Proper Golf Posture - Fix Your Swing | Achieve the ideal wrist, elbow, and arm position
The First Thing
Why is the posture inaccurate? The posture you create at address is often not the posture you have at impact. It's very much a feeling. You want a consistent starting point, but are you getting to that place? Do you want to do that? Only if you have a correct swing plane. Your posture is the one place where you can adjust the plane for you if you have to. This is why it is not an exact science. Most people don't swing on a perfect plane. If you don't, you don't need or want an ideal posture.
The best way to check is to look in the mirror. Get some sequence photos of top players from Golf Digest and try to pose like Mark O'Meara or Nick Faldo. Your worst-case scenario is very close to your perfect pose. It doesn't have to be exact. So, could you not get too hung up on it?
There isn't just one way to do things. Let's say you come to me to hook the ball. I might have you stand with your right foot pointing straight ahead and your left foot pointing out more to get your body turned around more (see diagram).
Again, you might be slicing the ball. Let's say that your upper body is too far ahead of your lower body, leaving the club behind and the clubface open. With these factors in mind, I might lean my right foot out a little, as opposed to the person who hooked the ball and leaned your left foot in (see diagram). Still leaning outward a little, just not as much. This will allow you to turn on the backswing and encourage more hand and arm action through the impact.
There are also a few minor adjustments you can make. If you put the club too much on the inside on the backswing, I can move your hands back a little bit on the stroke. This will encourage the club to move away from the ball more from the outside. If you tend to bring the club back out of the plane, I might move your hand forward at the address. All of this is to get the early part of your swing moving more around your body.
Again, be flexible. Let's say you bring the club to the outside, above the plane. And your hand is in front of the ball at the address. This would say, "Move your hand back a bit" because it looks better. However, it will move your club more to the outside. So don't change just for the sake of change. Any change has to have some effect on the golf club.
Change according to your reality. Not everyone is set up in the same position. There is some wiggle room in the address. There's not a lot of wiggle room; most great players look very similar. But you need to know what you're trying to fix before changing your address position.
Why You Get Out of Position
Most people start with a good setup, at least regarding their aim and body position. But as you hit different balls, your posture changes. If you often hit the ball behind the ball, it won't be long before you push your hands forward at address and put the ball back in your stance. You will close the club face at the address if you cut the ball to the right. The same goes for hooking the ball; the clubface will be open at the address (see diagram).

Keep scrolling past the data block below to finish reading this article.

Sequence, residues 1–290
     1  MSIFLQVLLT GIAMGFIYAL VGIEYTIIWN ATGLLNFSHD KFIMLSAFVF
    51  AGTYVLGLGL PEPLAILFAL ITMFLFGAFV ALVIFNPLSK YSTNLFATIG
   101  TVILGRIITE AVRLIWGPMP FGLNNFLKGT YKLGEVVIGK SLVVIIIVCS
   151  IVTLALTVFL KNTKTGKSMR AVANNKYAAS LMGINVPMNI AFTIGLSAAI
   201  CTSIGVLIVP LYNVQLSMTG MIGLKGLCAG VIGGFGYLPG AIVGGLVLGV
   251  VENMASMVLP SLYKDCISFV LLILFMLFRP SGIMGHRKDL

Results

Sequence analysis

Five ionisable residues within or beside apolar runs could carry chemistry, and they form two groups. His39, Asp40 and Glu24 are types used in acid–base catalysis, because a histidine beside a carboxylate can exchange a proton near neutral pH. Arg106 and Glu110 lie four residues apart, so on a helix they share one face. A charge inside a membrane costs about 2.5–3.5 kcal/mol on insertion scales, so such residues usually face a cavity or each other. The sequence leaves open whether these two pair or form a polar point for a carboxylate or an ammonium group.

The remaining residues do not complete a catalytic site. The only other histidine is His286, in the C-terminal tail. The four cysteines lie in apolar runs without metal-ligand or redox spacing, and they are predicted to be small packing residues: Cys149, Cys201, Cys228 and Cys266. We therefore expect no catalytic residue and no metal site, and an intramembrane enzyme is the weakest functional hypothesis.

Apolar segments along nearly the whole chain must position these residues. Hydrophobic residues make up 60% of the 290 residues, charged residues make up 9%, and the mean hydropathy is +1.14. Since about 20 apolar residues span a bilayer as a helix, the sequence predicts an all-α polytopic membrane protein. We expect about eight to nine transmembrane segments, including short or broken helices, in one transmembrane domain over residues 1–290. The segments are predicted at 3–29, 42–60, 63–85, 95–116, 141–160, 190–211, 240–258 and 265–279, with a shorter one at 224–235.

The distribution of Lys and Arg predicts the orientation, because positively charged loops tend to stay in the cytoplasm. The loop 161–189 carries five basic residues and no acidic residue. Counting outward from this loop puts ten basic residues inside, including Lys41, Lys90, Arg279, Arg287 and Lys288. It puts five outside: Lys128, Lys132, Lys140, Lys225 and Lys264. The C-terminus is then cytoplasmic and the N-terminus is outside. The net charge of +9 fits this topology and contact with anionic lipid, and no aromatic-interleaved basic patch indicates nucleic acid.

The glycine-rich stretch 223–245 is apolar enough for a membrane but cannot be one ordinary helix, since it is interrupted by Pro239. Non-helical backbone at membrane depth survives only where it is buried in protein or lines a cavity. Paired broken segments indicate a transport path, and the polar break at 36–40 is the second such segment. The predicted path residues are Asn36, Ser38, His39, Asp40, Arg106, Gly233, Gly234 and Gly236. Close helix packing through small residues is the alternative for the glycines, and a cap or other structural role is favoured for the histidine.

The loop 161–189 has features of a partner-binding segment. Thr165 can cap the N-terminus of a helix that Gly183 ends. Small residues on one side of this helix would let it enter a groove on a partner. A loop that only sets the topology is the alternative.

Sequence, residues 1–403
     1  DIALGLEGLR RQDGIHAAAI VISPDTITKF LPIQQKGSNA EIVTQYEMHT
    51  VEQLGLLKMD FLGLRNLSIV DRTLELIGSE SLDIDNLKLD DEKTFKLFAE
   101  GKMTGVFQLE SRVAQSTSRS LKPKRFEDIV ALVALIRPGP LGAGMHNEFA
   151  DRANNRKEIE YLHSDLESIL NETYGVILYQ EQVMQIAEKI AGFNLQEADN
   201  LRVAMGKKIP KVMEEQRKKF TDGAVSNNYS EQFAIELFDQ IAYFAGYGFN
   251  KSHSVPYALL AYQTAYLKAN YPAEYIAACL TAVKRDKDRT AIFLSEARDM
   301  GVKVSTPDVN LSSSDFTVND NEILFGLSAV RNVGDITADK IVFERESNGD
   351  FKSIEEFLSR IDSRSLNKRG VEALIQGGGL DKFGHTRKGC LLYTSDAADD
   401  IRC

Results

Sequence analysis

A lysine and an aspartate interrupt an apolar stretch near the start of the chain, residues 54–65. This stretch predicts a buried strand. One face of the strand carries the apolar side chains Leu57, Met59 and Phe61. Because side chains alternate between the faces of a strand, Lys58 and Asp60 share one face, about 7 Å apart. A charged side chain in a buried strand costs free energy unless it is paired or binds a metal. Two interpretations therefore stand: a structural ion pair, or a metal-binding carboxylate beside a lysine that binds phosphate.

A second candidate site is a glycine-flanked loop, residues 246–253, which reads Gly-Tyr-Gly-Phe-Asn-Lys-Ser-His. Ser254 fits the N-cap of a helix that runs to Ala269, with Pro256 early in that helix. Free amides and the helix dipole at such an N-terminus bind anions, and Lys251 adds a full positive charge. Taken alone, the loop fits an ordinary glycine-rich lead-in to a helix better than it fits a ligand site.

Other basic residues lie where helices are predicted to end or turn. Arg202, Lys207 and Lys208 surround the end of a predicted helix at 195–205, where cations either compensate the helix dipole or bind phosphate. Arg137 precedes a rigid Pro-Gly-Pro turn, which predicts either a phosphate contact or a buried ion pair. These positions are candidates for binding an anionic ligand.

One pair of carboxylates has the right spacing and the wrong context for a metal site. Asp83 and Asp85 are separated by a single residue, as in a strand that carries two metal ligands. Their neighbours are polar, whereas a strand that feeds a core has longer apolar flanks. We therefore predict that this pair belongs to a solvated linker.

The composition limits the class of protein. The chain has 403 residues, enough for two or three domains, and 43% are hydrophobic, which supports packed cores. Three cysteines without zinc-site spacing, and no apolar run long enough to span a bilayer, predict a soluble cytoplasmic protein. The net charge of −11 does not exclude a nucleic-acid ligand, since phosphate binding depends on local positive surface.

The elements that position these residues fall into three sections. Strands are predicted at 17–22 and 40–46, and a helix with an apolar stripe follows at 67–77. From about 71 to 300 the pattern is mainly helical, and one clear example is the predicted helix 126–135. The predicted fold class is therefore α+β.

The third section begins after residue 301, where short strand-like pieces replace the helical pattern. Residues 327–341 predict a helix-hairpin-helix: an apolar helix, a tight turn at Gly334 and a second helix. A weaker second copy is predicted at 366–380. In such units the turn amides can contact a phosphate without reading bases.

The height of the ball and the impact you create will often cause you to change your setup. It changes your aim. It changes the way you stand on the ball. So it is not enough to say that if you have a good setup you will hit a good shot, or that a lousy setup means you will hit a bad shot. However, a bad setup does make it harder for you to hit a good shot. You can still do that, but it probably won't last.
Then there's our old friend, the grip. A perfect grip is a grip that matches your swing. When you change anything in your game, you must try to maintain that ideal blend if you have hit some good shots or create a perfect blend if you haven't. Any change should have some impact on the flight of the ball. However, sadly, that's not what most teaching does. People change to change.
Your setup has only four critical aspects: posture, alignment, stance, and ball position.
Posture comes first because when the club hits the ball, your hands hold the club, which is attached to your arms and shoulders. So your posture has a direct effect on the plane of your swing. Your posture, on the other hand, does not. It may have an indirect effect - you may stand close and put the club in, or stand wide and put it out - but your shoulders are connected to your arms, so they have a direct effect. That's why posture is of paramount importance.
When you stand on the ball you need to bend forward from the hips so that your arms hang down from your shoulders (see picture). You should be in a comfortable position, but in a way that allows your arms to swing the club freely and allows your body to turn easily.
As I said earlier, the bend forward from your hips should be about 20 degrees. Your rear end should stick out and have a little up, but not too much. It should feel like a ready sporting position as if you were standing to weld a ground ball or shoot a free throw. Your weight should be directed towards the ball of your foot and evenly distributed to the left and right. Your arms hang gently over your shoulders. There should not be any forward slack in your shoulders. There should be no tension in your upper body, and your back should be reasonably straight.